The North Dakota Board of Medicine issued proposed regulations designed to move the Peace Garden State to the list of telemedicine-friendly states. The rules properly focus on the quality of care delivered, rather than the technical means through which it is delivered, aligning well with telemedicine practice rules articulated by other state medical boards. The Board held a public hearing on the proposed rules last month and has solicited comments, all of which will be discussed and reviewed at the Board’s November 20 meeting. The last time the Board issued guidance on telemedicine was March 2014.
Health care providers, hospitals, and start-up companies offering telemedicine services in North Dakota can review these proposed rules and sculpt their service offerings accordingly.
Providers should focus on these top five takeaways designed to protect patient quality and safety while fostering innovation and new care approaches:
North Dakota’s definition of telemedicine includes direct interactive patient encounters as well as asynchronous store-and-forward technologies and remote monitoring. Certain types of telemedicine utilizing asynchronous store-and-forward technology or electronic monitoring, such as tele-radiology or ICU monitoring, do not necessarily require an independent examination of the patient to be performed. However, an examination or evaluation that consists only of a static online questionnaire or an audio conversation will not be considered to meet the standard of care.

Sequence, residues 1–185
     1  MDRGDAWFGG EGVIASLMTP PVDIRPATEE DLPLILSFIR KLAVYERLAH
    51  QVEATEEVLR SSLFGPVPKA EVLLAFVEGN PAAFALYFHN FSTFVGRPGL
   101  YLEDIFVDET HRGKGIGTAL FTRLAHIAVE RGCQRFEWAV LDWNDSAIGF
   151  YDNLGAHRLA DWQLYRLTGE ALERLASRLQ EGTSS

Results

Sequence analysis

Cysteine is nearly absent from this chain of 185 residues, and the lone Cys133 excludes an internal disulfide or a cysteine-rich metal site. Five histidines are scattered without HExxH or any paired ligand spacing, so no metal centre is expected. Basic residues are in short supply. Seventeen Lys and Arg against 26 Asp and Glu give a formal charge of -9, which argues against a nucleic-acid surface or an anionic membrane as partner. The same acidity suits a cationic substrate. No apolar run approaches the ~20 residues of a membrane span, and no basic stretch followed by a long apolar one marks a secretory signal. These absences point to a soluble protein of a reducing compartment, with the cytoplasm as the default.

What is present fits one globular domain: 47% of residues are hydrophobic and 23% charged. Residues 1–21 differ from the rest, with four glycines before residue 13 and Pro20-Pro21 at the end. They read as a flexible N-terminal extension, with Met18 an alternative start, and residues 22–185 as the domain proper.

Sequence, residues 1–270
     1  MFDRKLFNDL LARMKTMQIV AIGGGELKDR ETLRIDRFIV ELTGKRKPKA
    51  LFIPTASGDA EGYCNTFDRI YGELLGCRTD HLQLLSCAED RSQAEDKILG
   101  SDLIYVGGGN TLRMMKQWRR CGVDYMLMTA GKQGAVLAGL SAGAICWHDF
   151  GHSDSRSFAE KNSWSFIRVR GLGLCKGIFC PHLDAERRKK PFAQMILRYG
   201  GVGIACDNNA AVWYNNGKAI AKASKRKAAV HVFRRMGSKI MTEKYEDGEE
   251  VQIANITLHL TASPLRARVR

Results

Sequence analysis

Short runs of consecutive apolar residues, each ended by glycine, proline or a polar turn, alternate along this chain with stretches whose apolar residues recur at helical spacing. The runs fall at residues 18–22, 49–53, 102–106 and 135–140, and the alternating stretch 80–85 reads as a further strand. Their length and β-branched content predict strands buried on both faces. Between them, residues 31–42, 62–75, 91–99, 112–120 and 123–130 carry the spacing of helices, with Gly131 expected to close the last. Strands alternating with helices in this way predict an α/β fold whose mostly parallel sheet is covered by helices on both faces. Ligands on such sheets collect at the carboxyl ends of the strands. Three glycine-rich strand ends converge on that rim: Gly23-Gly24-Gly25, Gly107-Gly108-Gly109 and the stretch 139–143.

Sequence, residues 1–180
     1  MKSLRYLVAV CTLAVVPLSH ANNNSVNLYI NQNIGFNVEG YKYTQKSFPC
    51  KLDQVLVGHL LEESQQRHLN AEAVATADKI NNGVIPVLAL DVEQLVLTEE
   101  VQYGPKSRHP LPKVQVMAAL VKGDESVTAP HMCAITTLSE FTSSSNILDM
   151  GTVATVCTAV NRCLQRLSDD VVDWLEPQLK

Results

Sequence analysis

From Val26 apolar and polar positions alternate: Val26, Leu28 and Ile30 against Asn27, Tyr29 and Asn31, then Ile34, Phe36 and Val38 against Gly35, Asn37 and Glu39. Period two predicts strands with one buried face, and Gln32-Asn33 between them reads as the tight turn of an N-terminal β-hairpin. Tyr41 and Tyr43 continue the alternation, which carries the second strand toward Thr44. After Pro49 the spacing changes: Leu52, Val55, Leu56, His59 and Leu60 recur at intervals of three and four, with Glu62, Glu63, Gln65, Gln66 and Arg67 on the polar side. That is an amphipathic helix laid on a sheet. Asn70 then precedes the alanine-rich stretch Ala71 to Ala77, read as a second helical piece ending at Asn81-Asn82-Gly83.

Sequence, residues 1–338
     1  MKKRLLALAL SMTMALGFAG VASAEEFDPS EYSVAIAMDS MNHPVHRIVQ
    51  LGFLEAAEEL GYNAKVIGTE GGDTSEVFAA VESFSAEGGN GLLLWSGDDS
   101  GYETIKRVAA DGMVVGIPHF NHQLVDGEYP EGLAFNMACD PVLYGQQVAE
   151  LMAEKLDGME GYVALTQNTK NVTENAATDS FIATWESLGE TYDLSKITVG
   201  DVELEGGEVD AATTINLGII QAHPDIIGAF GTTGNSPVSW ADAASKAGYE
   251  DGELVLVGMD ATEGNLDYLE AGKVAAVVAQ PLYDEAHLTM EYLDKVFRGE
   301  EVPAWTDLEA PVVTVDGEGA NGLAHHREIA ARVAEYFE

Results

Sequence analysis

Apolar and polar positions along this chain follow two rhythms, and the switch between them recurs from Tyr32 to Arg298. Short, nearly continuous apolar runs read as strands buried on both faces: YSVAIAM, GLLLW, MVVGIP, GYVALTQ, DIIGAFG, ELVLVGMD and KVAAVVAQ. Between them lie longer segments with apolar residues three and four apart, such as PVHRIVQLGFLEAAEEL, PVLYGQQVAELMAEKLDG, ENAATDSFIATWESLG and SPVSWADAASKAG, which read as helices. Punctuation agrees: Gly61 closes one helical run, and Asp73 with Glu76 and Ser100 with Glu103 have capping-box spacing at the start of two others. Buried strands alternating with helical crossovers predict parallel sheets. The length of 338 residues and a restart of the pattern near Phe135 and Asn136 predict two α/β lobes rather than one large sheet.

The proposed regulations also include two provisions not commonly seen in other state medical board telemedicine rules.
Ability to refer patients. North Dakota expects licensees to have the ability to make appropriate referrals of those patients not appropriate for diagnosis or complete treatment through telemedicine. This includes patients in need of emergent care or complementary in-person care. Providers should have procedures in place for when a physician determines the telemedicine encounter will not suffice and a referral to in-person care or emergent care is necessary.
Telemedicine and physician assistants. The proposed rule discusses the use of PAs for telemedicine practice, a topic gaining attention due to the complexity of physician supervision required (direct, indirect, etc.) and the vast differences among state laws in this regard. Under the proposed rules, “[a] physician assistant practicing telemedicine from another state is subject to the rules regarding physician supervision, except that supervision may be by a North Dakota licensed physician who is practicing telemedicine in North Dakota from the same state as the physician assistant, and need not be by a North Dakota licensed physician who is physically located in North Dakota.” It appears the intent is to require both the PA and the supervising physician to be licensed in North Dakota, and we believe the final rules will likely clarify or confirm this interpretation.
We will continue to monitor the proposed rules for when the final version is published.
For more information on telemedicine, telehealth, virtual care and other health innovations, including the team, publications, and other materials, visit Foley’s Telemedicine Practice.